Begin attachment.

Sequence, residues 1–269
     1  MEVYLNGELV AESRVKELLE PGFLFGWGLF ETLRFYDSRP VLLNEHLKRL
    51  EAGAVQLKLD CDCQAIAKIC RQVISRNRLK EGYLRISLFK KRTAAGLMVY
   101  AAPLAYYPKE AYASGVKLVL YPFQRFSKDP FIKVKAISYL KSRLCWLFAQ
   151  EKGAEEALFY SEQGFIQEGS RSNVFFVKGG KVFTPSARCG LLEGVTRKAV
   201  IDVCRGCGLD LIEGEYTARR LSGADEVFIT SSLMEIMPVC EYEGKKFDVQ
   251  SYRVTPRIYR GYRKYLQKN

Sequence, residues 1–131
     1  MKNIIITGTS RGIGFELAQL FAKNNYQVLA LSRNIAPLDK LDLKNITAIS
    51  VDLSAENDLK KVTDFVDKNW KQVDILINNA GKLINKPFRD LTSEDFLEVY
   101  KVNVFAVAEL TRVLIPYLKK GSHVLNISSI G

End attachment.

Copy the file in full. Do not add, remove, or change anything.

Sequence, residues 1–269
     1  MEVYLNGELV AESRVKELLE PGFLFGWGLF ETLRFYDSRP VLLNEHLKRL
    51  EAGAVQLKLD CDCQAIAKIC RQVISRNRLK EGYLRISLFK KRTAAGLMVY
   101  AAPLAYYPKE AYASGVKLVL YPFQRFSKDP FIKVKAISYL KSRLCWLFAQ
   151  EKGAEEALFY SEQGFIQEGS RSNVFFVKGG KVFTPSARCG LLEGVTRKAV
   201  IDVCRGCGLD LIEGEYTARR LSGADEVFIT SSLMEIMPVC EYEGKKFDVQ
   251  SYRVTPRIYR GYRKYLQKN

Sequence, residues 1–131
     1  MKNIIITGTS RGIGFELAQL FAKNNYQVLA LSRNIAPLDK LDLKNITAIS
    51  VDLSAENDLK KVTDFVDKNW KQVDILINNA GKLINKPFRD LTSEDFLEVY
   101  KVNVFAVAEL TRVLIPYLKK GSHVLNISSI G